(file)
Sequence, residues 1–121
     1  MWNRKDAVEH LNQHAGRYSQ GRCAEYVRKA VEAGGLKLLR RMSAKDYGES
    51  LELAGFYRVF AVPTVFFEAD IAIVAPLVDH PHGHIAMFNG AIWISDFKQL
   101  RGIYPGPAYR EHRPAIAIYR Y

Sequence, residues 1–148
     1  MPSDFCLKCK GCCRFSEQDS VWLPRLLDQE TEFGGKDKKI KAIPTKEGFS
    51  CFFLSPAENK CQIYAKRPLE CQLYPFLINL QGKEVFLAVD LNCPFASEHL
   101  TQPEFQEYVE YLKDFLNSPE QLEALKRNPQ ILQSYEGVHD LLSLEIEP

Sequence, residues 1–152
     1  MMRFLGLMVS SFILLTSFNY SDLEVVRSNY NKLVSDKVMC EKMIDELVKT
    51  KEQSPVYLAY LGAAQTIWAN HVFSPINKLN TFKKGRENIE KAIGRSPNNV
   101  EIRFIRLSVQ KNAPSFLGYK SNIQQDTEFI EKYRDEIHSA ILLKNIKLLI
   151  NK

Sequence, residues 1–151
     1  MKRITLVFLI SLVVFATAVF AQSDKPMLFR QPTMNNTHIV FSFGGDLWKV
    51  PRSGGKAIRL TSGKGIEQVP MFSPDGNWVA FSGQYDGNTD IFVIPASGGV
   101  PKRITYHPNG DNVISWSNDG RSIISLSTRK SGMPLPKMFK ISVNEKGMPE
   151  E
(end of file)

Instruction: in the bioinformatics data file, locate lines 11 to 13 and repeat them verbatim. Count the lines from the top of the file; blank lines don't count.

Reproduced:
    51  KEQSPVYLAY LGAAQTIWAN HVFSPINKLN TFKKGRENIE KAIGRSPNNV
   101  EIRFIRLSVQ KNAPSFLGYK SNIQQDTEFI EKYRDEIHSA ILLKNIKLLI
   151  NK